A review of the common law is not complete without examining equity law, which has its origins in English common law.

Since legal rules cannot be formulated to deal adequately with every possible contingency, applying them mechanically can sometimes result in injustice. To remedy such injustices, the law of equity was developed. The principle of equity is as old as the English common law, but it was hardly needed until the 14th century, since the law until that time was still relatively fluid and informal. As the common law became firmly established, however, its strict rules of proof began to cause hardship. Power to grant relief in situations involving potential injustices lay with the king and the lord chancellor. Eventually the chancellor’s jurisdiction developed into the Court of Chancery, whose function was to administer equity. The chancellor decided each case on its merits and had the right to grant or refuse relief without giving reasons, but common grounds for relief, such as fraud and breach of confidence, came to be recognized. And because the defendant could file an answer, a system of written pleadings developed.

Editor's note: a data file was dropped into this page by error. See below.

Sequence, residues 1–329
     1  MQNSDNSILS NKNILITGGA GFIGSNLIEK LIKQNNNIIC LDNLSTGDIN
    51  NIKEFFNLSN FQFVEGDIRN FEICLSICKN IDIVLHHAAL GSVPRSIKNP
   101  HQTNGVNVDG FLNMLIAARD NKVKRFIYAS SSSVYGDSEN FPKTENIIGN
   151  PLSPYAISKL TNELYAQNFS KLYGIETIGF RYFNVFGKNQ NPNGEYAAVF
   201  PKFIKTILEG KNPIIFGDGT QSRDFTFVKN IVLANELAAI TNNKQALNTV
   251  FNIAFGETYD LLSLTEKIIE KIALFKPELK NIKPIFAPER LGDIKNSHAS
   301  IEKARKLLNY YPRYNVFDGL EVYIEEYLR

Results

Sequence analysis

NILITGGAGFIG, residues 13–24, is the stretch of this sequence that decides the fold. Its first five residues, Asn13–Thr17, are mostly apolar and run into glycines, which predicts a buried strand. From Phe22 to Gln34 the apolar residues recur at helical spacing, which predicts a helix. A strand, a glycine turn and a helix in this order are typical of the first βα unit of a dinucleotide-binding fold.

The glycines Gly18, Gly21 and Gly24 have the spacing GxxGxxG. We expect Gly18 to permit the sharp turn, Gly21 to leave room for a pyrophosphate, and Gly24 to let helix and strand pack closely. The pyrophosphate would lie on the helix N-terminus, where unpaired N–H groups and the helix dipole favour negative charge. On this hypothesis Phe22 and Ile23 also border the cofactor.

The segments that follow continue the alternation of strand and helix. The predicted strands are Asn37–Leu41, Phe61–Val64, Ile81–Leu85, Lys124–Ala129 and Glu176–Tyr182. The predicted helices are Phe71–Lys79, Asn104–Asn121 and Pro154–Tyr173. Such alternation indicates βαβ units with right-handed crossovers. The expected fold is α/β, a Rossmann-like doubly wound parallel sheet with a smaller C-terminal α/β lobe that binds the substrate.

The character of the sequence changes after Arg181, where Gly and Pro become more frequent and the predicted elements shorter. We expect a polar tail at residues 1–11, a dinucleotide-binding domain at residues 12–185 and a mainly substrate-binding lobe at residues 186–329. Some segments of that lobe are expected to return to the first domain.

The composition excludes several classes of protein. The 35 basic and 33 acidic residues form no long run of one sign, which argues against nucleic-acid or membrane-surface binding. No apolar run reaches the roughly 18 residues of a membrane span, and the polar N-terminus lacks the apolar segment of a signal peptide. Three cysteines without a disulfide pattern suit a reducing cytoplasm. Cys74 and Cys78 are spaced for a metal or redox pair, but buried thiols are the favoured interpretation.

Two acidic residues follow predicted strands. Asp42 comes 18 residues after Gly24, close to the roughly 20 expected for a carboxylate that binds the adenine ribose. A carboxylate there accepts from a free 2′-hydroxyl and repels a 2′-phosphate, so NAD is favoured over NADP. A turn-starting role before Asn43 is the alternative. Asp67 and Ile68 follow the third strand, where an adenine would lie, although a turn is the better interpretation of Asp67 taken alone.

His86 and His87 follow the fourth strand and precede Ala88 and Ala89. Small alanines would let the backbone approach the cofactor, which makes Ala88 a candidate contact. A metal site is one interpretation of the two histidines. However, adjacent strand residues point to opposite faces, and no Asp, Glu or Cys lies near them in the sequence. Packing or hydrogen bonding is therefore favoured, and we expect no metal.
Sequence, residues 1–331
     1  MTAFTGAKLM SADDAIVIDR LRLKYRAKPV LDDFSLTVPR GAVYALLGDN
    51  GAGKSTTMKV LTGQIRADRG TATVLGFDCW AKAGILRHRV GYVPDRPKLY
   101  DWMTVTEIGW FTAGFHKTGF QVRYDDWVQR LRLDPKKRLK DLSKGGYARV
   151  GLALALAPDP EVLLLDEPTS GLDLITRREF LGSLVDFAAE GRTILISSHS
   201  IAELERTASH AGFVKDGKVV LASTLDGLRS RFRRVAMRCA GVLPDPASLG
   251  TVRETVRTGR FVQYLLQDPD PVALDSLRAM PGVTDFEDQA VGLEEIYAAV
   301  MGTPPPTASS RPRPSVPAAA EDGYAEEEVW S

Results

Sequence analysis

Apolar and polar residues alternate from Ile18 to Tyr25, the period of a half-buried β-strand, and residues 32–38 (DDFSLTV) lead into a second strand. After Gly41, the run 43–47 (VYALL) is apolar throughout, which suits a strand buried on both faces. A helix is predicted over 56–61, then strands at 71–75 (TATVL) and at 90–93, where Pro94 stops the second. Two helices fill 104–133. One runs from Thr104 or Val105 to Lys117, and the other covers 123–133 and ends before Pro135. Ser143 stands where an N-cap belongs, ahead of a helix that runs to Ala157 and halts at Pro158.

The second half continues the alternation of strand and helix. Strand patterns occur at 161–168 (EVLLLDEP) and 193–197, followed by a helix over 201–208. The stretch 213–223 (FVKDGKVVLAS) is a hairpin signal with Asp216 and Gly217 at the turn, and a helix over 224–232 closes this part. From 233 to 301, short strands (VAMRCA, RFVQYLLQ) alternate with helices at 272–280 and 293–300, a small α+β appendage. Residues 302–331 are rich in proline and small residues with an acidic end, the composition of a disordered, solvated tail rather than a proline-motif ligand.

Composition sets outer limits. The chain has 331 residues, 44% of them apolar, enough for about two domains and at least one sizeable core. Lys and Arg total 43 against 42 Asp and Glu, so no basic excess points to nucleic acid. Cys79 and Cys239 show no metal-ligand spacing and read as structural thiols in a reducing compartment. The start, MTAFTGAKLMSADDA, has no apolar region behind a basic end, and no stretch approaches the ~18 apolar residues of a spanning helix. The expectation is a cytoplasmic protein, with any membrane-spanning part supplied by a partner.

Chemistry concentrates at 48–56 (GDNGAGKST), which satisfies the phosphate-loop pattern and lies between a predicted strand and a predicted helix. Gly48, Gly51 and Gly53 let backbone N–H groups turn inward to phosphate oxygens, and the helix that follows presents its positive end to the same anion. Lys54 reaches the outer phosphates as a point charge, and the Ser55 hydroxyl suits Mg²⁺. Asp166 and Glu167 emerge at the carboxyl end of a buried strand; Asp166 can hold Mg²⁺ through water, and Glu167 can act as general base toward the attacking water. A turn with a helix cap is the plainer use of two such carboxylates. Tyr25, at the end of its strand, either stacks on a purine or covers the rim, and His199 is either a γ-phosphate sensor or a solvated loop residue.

Although a few states in the United States still have separate courts of equity and courts of law, most jurisdictions have merged the procedures of law and equity courts. Although the procedures are merged, the question of whether remedies are legal or equitable is important for determining whether a plaintiff is entitled to a jury trial. Equity law continues to provide unusual and personal remedies for legal disputes of a civil nature. Two of the most familiar equity decrees are the injunction and specific performance. An injunction restrains a party from doing something that would cause irreparable harm if not enjoined or temporarily halted. For example, an injunction may order a manufacturer to stop dumping certain chemicals into a river. Specific performance requires the performance of a duty agreed on in a contract or other agreement.